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DOT Packs on Projects During Summer Season

Wed July 26, 2000 - Southeast Edition
Sheila Irvine


Resurfacing, reconstructing and widening highways in Tennessee are keeping several contractors busy this summer.

Dement Construction Company, headquartered in Jackson, TN, has tackled the four-laning and reconstruction of State Road 22 in Henderson County, which will include the widening and rebuilding of the bridge over Interstate 40, according to Corbin Hamil, vice president in charge of asphalt operations.

“We’re using primarily Caterpillar dozers and tractors,” Hamil said.

The road is heavily traveled, running from north to south connecting Union City to the interstate, Hamil said.

Although some wetlands are affected by the project, requiring “special precautions and construction methods,” Hamil said, “The biggest thing will be the bridge over I-40. We’ll have to maintain traffic on I-40 during construction.”

The current 5-mi. project is part of an overall 30 to 40-mi. widening of the road which leads from Lexington to the interstate, Hamil said. Work began the end of June and is expected to take about two years to complete, he said. It will provide work for between 50 and 100 workers, Hamil said, involving the asphalt, bridge and grading divisions.

Dement was founded in 1978 and does work in Tennessee, Alabama and Mississippi.

Total cost of this segment will be $14.3 million,

Wright Paving

Contractors Tackle

$1-Million Project

Wright Paving Contractors of Fayetteville, TN, started out in 1973 with founder Grady Wright doing small jobs like driveways, and has grown to a $10-million company with 45 employees and asphalt plants in Bedford, Giles and Marshall counties.

“About 75 percent of our work is with the DOT,” said Gary Holder, chief estimator for Wright.

Right now, Wright is wrapping up a $1-million project that includes resurfacing State Road 16 east of State Road 64 to south of State Road 276, a 5.l-mi. (8.2 km) stretch.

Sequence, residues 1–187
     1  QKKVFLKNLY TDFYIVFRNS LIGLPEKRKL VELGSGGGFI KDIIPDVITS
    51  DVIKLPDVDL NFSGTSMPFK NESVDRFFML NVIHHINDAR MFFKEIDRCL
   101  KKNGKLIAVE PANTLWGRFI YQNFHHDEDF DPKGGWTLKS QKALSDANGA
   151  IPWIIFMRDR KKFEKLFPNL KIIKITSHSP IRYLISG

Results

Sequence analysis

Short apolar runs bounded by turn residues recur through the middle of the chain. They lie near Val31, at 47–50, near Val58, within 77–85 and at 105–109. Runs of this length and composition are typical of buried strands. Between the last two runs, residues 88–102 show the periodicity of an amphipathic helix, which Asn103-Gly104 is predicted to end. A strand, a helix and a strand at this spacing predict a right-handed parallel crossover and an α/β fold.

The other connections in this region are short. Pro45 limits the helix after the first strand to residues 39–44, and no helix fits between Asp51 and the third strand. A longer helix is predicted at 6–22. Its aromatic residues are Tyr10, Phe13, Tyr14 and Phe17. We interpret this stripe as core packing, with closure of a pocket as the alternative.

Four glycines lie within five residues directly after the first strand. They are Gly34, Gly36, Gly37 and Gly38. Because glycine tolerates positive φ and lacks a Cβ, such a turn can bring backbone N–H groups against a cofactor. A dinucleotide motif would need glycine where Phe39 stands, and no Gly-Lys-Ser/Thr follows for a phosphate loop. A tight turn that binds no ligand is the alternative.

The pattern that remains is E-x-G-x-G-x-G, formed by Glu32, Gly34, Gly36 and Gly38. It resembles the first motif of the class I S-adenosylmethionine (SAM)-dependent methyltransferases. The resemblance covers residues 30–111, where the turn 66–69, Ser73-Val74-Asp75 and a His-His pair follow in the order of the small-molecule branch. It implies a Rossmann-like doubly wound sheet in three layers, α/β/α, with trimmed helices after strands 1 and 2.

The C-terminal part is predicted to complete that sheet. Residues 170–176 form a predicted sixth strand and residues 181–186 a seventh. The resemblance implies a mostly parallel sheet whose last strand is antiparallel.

“We’re using a Blaw-Knox PF-3200 asphalt spreader,” Holder said of the Bedford County project.

Thomas Wright is president of the company. The project began June 19 and is expected to be completed by the end of July, Holder said.

APAC Tennessee

Awarded $1.9-Million DOT Contract

APAC-Tennessee Inc, is resurfacing an 8.1-mi. (13 km) section of State Road 69 from State Road 20 (also known as U.S. 412) to Cherokee Heights Road.

The Decatur County project will include 40,000 tons (36,000 t) of asphalt, according to division president Michael Maynard, and will use a Blaw-Knox 3200 paver, Roadtech shuttle buggies, and Ingersoll-Rand BD 110 rollers. Total cost will be $1.9 million.

APAC is one of the largest paving companies in the country, Maynard said, with 51 divisions across the country. The Nashville division has 250 employees.

APAC was founded by the Warren brothers, Maynard said.

“They invented asphalt, so this company has a long history, back to the early l900s.”

Ford Construction Land Three DOT Projects

Ford Construction Company is working on $23.1-million Tennessee DOT projects in Obion and Dyer counties.

Ford is performing new construction and reconstruction to four-lane State Road 78 Extension, a .3-mi. (.5 km) section from Market Street to Tucker Street in Byersburg, a $1.9-million project.

The company was awarded a contract to resurface State Road 3 from State Road 77 to the Obion County line, a stretch of 7.2 mi. (11.6 km). That contract is for $2.9 million.

The largest contract, for $18.3 million, is for the grading, drainage and construction work on seven bridges and two box bridges and partial paving of State Road 22 Extension at the bridge over the north fork of the Obion River. That work is expected to be completed before July 1, 2003.

According to Sam Baggett, superintendent of Ford Construction Company’s bridge division, the State Road 78 project includes two trackhoes, two bulldozers, three rollers, five dump trucks and a crew of about 20 people.

Ford was founded in 1955 and employs 150 to 200 people. The Obion County project involves three lifting cranes, seven scrapers, four bulldozers, four backhoes and two graders.




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